When The Godfather was being made, director Francis Ford Coppola was adamant that the actor who played Michael Corleone should be unknown and look Sicilian. The executives had other plans and wanted to hire someone like Robert Redford. Coppola threatened to leave the project unless the executives followed his request and Al Pacino was cast as Michael.
This was a good turn of events for Pacino, who was a relatively new actor with only two small roles under his belt.
Adding to Pacino’s luck was the fact that Coppola’s adaptation of the Godfather book by Mario Puzo focused on Michael Corleone’s story instead of his brother Sonny Corleone.
The film was a huge success and this pushed the obviously talented Pacino into the spotlight.
I loved Bryan Cranston in Malcolm in the Middle, but it was his role as Walter White in Breaking Bad which catapulted him into the spotlight. Cranston’s story is also told by Frank in Success and Luck, and was the definition of a lucky break.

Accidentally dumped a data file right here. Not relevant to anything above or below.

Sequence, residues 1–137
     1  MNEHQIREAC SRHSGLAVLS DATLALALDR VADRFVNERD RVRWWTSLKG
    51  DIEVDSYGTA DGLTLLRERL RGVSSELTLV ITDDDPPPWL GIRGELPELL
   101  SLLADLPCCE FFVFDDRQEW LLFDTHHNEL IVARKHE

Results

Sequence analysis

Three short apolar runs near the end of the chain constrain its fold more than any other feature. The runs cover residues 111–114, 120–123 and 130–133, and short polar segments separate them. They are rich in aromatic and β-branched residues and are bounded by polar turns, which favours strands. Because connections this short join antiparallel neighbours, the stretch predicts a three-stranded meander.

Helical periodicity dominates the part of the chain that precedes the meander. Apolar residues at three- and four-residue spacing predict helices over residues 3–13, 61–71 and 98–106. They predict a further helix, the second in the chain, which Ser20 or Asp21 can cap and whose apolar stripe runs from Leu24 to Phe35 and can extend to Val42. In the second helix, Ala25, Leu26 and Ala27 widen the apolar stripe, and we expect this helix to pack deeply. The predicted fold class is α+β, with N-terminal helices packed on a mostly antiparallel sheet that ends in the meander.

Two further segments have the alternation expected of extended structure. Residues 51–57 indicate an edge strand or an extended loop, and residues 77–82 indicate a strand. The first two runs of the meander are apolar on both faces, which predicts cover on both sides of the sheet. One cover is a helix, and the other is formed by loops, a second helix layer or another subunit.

Cranston was originally suggested to play the part of Walter White by the producer of the show, Vince Gilligan. His idea was rejected by studio executives in favour of John Cusack and Matthew Broderick who in turn both rejected the role. Cranston was subsequently accepted and the rest is history.
Scott Adams / Dilbert
The success of the hit comic strip Dilbert is a testament to the power of luck. According to its creator Scott Adams, the comic strip was extraordinarily lucky to be picked up and syndicated across the USA and the world. Some examples of luck include:
- Adams’ first comics editor was married to an engineer who was a “real life Dilbert” so she instantly connected with the comic and pushed hard for it within her company against heavy objections from colleagues.
- One day an employee at the Boston Globe went on a road trip holiday with her husband. She was driving and her husband was bored, so he picked Dilbert up from the sales packet she had left in her car. He thought it was funny, and because of her husband’s response the Boston Globe picked it up.
- The Dilbert comic came to prominence during the mid-1990s when news was dominated with stories of corporate downsizing, technology and the dot com bubble. Dilbert happened to be about the same subject matter which resonated with audiences.